A British touring production of “To Kill a Mockingbird,” which was to start next month, has been canceled after Scott Rudin’s company Atticus — the firm behind the Broadway hit — threatened legal action.

The British production was to use the playwright Christopher Sergel’s adaptation of Harper Lee’s book, a version that has long been popular in schools.

Jonathan Church Productions, the Curve Theater in Leicester and London’s Regent’s Park Theater said in a statement that they had obtained a license for the production from Dramatic Publishing, an Illinois-based company that licenses Mr. Sergel’s adaptation.

But on Jan. 11, Atticus’ lawyers threatened action if the tour was not canceled, saying it held worldwide rights for professional stagings of the book. The team at Atticus was “unwilling to consider any compromises which were proposed to resolve the situation without lengthy and costly legal action,” the statement added.

Mr. Rudin acquired the stage rights for the book in 2016 and hired Aaron Sorkin to adapt the play for Broadway. The play, which became embroiled in a legal dispute with Harper Lee’s estate over Mr. Sorkin’s changes, finally opened to acclaim last month. Jesse Green, writing in The Times, called it a “beautiful, elegiac” version.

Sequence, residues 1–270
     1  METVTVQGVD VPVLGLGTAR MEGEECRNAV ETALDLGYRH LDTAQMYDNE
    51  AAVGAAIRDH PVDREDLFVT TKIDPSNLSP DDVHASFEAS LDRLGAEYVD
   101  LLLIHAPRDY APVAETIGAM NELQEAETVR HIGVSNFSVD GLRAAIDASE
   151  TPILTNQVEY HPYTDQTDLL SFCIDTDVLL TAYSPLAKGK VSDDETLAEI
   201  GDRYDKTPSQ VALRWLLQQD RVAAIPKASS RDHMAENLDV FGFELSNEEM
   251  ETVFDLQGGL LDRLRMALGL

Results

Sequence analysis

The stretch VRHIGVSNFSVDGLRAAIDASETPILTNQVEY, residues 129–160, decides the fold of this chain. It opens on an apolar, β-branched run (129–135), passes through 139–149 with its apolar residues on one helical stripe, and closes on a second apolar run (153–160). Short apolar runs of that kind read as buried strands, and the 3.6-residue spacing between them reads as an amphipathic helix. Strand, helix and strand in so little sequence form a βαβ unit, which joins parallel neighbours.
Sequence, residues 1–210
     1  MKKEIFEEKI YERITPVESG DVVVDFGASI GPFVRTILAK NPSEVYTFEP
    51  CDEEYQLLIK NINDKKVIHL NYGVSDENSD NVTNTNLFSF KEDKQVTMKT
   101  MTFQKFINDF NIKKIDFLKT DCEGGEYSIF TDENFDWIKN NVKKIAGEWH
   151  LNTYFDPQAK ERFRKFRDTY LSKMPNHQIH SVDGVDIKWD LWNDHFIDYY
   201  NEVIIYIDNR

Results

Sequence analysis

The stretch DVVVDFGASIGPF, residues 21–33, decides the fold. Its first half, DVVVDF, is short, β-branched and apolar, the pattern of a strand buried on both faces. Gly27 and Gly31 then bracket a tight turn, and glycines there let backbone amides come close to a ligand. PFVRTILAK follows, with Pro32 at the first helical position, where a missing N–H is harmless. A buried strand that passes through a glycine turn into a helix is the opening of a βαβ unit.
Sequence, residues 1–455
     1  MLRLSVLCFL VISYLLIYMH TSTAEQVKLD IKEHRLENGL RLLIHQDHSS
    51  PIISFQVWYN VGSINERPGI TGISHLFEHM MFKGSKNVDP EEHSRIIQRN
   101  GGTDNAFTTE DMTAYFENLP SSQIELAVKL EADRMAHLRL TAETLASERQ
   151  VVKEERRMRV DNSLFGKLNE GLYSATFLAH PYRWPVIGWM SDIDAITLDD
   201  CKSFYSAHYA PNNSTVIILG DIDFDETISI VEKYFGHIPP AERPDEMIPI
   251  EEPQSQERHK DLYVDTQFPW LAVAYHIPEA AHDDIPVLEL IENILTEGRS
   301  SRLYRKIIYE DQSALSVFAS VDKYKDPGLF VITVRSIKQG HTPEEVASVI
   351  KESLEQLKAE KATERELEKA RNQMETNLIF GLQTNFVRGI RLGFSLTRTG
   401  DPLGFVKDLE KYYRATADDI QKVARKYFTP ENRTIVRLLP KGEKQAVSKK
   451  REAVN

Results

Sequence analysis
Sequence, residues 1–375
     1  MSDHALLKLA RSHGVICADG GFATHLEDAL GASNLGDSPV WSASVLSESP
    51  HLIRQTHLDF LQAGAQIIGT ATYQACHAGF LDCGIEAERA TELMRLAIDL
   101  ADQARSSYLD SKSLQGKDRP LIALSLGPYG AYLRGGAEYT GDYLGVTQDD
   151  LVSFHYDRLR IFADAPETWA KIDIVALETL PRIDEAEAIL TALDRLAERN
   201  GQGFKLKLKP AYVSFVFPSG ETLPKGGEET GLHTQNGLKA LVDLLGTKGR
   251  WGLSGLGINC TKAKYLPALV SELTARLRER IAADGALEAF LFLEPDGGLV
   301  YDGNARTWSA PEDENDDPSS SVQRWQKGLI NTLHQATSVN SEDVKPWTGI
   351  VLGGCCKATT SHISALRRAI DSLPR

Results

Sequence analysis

“I wish we’d been able to accommodate their tour, but we are going to do the show in the West End and then tour it in the U.K.,” Mr. Rudin said in an emailed statement, giving no details of a potential date for a London transfer.

“We own and control those rights, so there was of course no choice but to enforce the agreement we have with the estate of Harper Lee,” he added.

Jonathan Church Productions did not respond to requests for comment.

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